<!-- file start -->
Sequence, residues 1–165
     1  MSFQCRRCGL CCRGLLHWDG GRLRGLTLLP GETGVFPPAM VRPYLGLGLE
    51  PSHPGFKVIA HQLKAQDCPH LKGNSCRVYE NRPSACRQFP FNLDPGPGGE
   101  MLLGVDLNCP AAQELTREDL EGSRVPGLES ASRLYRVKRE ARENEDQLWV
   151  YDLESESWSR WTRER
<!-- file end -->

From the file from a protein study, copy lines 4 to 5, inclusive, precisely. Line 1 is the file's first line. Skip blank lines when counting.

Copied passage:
   101  MLLGVDLNCP AAQELTREDL EGSRVPGLES ASRLYRVKRE ARENEDQLWV
   151  YDLESESWSR WTRER